The term deviled eggs is a reference to the spicy and zesty nature of America’s favorite hors d’oeuvres. The recipe for deviled eggs has a long history that can be traced back to the menus of ancient Rome. So given that these little marvels of complete protein deliciousness have such an impressive resume, it’s time to teach new cooks how to make them and experienced chefs how to add a sexy twist to an old classic. Let’s get to work.
Deviled eggs are thought to be “fancy” and only for holiday or summer events, but can I tell you a secret? They are actually easy to make, super filling, healthy, and they’re not just an appetizer. My kids take deviled eggs to school in their lunches because they have the perfect combination of fat and protein which keeps them full for a looong time. They’re also portable, store in the fridge for a solid week, and make for a perfect after-school, after work snack.
There are tons of fun and tasty recipes out there for deviled eggs, but honestly, I like this basic combination that my husband’s grandmother used to make the best. And, since I make killer fermented dill pickles, amazingly creamy homemade mayonnaise (horn toot on train Alison), our chickens keep us in eggs, this is a quick and inexpensive dish that even my kids love.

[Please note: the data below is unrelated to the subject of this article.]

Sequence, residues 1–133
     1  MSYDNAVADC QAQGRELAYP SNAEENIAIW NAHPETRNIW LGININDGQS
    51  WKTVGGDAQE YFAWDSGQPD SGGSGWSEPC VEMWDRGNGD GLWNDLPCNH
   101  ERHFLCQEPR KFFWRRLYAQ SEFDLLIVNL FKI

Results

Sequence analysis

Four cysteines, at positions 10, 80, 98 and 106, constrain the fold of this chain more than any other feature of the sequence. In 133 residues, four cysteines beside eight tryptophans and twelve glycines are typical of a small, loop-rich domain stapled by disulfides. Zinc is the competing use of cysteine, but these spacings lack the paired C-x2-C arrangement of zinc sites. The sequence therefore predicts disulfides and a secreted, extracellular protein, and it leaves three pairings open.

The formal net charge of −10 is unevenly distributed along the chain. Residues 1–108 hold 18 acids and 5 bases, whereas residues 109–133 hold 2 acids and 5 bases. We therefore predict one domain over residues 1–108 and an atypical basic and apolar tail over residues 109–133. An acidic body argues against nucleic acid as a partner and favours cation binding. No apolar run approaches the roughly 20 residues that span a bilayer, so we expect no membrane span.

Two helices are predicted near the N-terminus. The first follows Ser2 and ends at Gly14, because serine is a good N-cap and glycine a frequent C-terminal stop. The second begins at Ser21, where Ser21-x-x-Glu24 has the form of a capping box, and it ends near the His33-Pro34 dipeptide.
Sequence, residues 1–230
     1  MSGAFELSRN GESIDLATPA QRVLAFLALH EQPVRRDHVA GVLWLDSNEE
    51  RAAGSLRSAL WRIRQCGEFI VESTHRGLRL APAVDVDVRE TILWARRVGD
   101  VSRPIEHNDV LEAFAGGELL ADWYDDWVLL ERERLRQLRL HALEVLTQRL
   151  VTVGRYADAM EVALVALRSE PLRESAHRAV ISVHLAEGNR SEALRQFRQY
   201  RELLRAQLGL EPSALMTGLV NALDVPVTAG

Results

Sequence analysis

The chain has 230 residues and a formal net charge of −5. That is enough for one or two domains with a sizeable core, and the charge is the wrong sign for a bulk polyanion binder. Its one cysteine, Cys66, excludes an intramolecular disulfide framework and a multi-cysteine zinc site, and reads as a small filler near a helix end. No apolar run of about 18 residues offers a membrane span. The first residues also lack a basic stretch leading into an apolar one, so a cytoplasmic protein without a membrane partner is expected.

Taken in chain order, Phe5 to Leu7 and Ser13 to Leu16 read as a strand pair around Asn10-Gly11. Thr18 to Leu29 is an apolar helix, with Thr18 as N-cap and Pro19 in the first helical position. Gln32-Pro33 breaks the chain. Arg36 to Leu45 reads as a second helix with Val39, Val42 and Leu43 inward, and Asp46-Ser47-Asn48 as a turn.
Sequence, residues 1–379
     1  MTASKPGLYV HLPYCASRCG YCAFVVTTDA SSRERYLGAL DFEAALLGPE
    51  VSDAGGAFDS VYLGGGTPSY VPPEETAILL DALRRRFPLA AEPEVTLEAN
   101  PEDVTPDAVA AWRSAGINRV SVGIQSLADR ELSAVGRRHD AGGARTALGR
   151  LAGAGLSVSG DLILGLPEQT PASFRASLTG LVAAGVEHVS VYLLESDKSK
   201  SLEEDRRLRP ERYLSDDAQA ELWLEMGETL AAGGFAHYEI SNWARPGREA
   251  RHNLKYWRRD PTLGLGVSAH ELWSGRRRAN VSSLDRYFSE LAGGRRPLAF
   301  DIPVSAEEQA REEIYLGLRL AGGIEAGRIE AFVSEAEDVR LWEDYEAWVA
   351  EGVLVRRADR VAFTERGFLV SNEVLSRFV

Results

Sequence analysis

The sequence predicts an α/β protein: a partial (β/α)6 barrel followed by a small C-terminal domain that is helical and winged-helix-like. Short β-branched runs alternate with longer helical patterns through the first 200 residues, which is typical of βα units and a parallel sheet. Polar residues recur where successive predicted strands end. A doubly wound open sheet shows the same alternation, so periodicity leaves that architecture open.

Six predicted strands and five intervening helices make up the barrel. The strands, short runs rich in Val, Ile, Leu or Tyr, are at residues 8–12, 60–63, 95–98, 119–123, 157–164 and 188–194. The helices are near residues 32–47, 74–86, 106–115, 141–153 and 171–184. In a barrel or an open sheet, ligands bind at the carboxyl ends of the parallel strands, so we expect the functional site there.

For experienced cooks looking to differentiate themselves, spice things up and totally amaze guests by substituting Creamy Sriracha Mayonnaise for the mayonnaise in the recipe, omit the pickles, and sprinkle with bacon bits. Seriously delish!
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Easy Deviled Eggs
Learn how to make delicious and healthy deviled eggs that are perfect for a get together or a weekday snack!
1 dozen eggs, hardboiled (learn how to properly hard boil eggs here)
¼- 1/2 cup mayonnaise, preferably homemade (learn how to make homemade mayo here)
1- 2 Tbsp. mustard
2-3 tsp. dill pickle relish
¼-1/2 tsp salt and pepper, to taste
paprika, dill, chives, parsley (optional garnishes)
Split hard boiled eggs in half lengthwise, cutting through only the white so that the yolk can be "popped" out.
Pop yolks into a gallon sized plastic bag (you can also use a bowl if you prefer not to use plastic).
Add mustard, relish, ¼ tsp salt, a few dashes of freshly ground pepper and enough mayonnaise to make the mixture come together.
Using the bag, squish the contents to mix. (If using a bowl, smash yolks through a fine mesh strainer into the bowl to keep yolks creamy and smooth.)
Taste, and add more of any ingredient to achieve desired flavor.
Continue to mix/squish contents until desired consistency is achieved.
Squish contents into one corner of the bag.
Snip off ¼ inch of the corner (remember you can always snip more, but not less!)
Squeeze yolk mixture into each egg white.
Sprinkle with paprika (the traditional choice) or, my favorite, dill (dried is fine) and chill.
Deviled eggs are not the easiest thing to transport. However if you want to make your life easier, simply bring the egg whites and filling separately and fill them right before serving. Of course there are specialty deviled egg holders as well.
3.2.2807 Some people still question how many eggs they can safely eat in a day. I’ve addressed that specific question, here.
Ever wonder the nutritional difference between white and brown eggs? I’ve addressed that question in this article.